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2022 Gayle Woodford Scholarship recipient Emily Evans

7 Dec 2022

Registered Nurse Emily Evans describes winning this year’s Gayle Woodford Memorial Scholarship as a great honour and a career game changer.

When she got the let­ter of con­grat­u­la­tions in the mid­dle of this year, Emi­ly lost no time in start­ing the Grad­u­ate Cer­tifi­cate in Remote Health Prac­tice through Flinders University.

Win­ning this award is a great hon­our and will no doubt enhance my knowl­edge of remote health,” she says.

Emi­ly, who grew up on a sheep sta­tion on the edge of the Nullar­bor, grad­u­at­ed as a nurse in 2009 and has worked in psy­chi­atric nurs­ing, in emer­gency ser­vices on mine sites, on Christ­mas Island and in oth­er small hos­pi­tals in rur­al Australia.

I’ve always want­ed to go remote,” says Emi­ly, who did a stint in War­mun com­mu­ni­ty ear­li­er in the year.

As some­one new to remote nurs­ing, I was very much sup­port­ed in War­mun, thanks espe­cial­ly to Dr. Cather­ine, Tony (clin­ic man­ag­er) and the love­ly staff at KPHU Broome for mak­ing my tran­si­tion so rewarding. 

Being 200 kilo­me­tres from the near­est hos­pi­tal in Kununur­ra, I realised just how iso­lat­ed these com­mu­ni­ties are.” Emi­ly says she always knew she want­ed to work in a pro­fes­sion that was more giv­ing than tak­ing” and con­sid­ered Médecins sans Fron­tières (Doc­tors With­out Bor­ders), before recog­nis­ing there was a lot of work to be done with­in Australia.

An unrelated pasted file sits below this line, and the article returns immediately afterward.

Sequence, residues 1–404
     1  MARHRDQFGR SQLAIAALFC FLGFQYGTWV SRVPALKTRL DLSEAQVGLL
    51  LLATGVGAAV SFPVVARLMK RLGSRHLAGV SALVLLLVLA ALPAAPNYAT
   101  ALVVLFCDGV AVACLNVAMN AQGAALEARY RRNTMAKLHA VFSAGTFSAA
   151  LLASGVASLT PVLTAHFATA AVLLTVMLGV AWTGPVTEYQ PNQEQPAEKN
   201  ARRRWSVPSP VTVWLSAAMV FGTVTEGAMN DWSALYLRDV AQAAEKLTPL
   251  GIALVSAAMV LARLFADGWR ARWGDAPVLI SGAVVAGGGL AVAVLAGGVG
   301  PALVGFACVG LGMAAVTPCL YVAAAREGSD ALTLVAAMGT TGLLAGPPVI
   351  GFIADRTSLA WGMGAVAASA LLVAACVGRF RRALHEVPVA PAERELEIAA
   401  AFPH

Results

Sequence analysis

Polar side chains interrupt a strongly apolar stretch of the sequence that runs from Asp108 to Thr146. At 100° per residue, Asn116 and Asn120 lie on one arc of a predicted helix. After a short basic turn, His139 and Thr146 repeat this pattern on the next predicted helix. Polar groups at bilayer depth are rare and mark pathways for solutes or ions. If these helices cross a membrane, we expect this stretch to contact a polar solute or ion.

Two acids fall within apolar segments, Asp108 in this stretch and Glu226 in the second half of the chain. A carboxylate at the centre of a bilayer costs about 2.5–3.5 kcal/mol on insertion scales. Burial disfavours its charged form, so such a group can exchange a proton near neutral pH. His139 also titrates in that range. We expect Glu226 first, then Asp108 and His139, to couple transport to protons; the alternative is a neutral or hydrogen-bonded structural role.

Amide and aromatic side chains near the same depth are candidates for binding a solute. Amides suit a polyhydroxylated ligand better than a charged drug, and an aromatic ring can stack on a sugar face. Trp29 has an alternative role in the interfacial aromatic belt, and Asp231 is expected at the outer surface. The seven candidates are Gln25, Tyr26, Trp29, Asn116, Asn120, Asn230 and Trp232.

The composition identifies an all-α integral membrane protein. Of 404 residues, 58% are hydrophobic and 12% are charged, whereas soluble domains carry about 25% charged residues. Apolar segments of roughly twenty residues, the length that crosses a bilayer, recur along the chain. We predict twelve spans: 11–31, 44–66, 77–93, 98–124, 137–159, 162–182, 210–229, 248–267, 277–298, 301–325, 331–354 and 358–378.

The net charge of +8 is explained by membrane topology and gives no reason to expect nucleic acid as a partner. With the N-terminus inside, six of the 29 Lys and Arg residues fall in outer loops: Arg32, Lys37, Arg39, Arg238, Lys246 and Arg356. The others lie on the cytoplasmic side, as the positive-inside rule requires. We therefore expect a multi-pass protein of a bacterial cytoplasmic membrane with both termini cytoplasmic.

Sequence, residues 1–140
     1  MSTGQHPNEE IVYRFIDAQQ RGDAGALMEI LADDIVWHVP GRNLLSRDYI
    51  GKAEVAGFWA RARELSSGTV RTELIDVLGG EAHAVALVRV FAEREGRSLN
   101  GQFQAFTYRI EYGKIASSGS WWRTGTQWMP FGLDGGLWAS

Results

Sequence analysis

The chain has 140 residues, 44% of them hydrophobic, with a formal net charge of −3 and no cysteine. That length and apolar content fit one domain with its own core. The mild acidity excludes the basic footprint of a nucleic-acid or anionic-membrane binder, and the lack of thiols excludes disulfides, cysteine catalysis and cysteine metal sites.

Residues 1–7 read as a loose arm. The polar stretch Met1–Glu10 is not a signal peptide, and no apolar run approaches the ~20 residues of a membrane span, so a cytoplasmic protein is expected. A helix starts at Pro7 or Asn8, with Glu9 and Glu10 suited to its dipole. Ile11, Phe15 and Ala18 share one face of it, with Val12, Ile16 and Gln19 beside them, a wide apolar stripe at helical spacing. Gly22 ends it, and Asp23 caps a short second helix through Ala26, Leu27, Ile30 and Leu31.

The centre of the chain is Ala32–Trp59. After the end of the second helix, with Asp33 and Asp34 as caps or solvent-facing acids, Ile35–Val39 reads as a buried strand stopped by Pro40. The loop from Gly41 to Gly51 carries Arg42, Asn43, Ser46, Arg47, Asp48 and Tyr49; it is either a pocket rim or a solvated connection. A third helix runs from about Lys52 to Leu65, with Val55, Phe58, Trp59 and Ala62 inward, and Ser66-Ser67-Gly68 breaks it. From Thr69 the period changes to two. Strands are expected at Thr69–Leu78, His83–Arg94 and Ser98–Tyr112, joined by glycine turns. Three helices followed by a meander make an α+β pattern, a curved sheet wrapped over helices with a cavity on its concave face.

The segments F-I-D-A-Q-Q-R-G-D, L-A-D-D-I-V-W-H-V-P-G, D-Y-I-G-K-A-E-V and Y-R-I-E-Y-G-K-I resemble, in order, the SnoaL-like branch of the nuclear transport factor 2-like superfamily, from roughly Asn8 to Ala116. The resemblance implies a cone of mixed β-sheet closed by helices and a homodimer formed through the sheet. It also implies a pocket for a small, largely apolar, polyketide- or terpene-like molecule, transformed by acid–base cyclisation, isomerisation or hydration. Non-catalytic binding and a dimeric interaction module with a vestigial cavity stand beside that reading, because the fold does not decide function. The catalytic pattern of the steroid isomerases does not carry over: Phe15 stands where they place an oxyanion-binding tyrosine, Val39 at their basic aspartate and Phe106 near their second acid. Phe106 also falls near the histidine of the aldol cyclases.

As well as her nurs­ing degree, Emi­ly has com­plet­ed a grad­u­ate cer­tifi­cate in crit­i­cal care, the Mater­ni­ty Emer­gency Course (MEC) with CRANAplus, Trau­ma Nurs­ing Core Com­pe­ten­cy, Phar­ma­cother­a­pies, and the SA Immu­ni­sa­tion course. This year she was also nom­i­nat­ed for the Kimberley’s Lead­er­ship award for her sup­port to nurs­ing students. 

Emi­ly is cur­rent­ly in Der­by in West­ern Aus­tralia, pop­u­la­tion 4,500 – which blows out at dif­fer­ent times, with the tourist season. 

This is a good step­ping stone,” says Emi­ly. In the emer­gency depart­ment, you see the same issues as in a more remote clin­ic, the same dis­eases, but of course with more resources and addi­tion­al staff. I high­ly rec­om­mend any nurs­es con­tem­plat­ing work­ing as a RAN, first come and work at a place like Der­by to con­sol­i­date skills. Der­by is very cul­tur­al­ly aware and see­ing the sit­u­a­tion here has made me realise how under­val­ued that aware­ness is, and the dif­fer­ence it can make to health outcomes.” 

Emi­ly con­sid­ers the ben­e­fits of the casu­al and agency work she has been doing. 

I believe I’ve learned a lot with this, being exposed to dif­fer­ent sit­u­a­tions. A well-round­ed expe­ri­ence,” she says. Work­ing with peo­ple who are dis­ad­van­taged is def­i­nite­ly my passion.

Ulti­mate­ly, I’d like to work in a com­mu­ni­ty on a per­ma­nent basis, in order to build up that kind of rap­port, trust and under­stand­ing essen­tial for effec­tive ther­a­peu­tic rela­tion­ships. I think it’s impor­tant that peo­ple are invest­ed in the community.” 

After com­plet­ing one of the units, Emi­ly says she is already gain­ing a greater under­stand­ing of the holis­tic approach in com­mu­ni­ties, along with the impor­tance of healthy literacy.

It has def­i­nite­ly made me think a lot deep­er about all the issues around health in remote areas, par­tic­u­lar­ly among Indige­nous pop­u­la­tions,” she says.

Thank you to every­one involved in the Gayle Wood­ford Memo­r­i­al Schol­ar­ship. It’s a huge step for­ward for me to fol­low my passion.”

For more infor­ma­tion on the grants and schol­ar­ships avail­able through CRANAplus, vis­it Awards, Schol­ar­ships & Grants.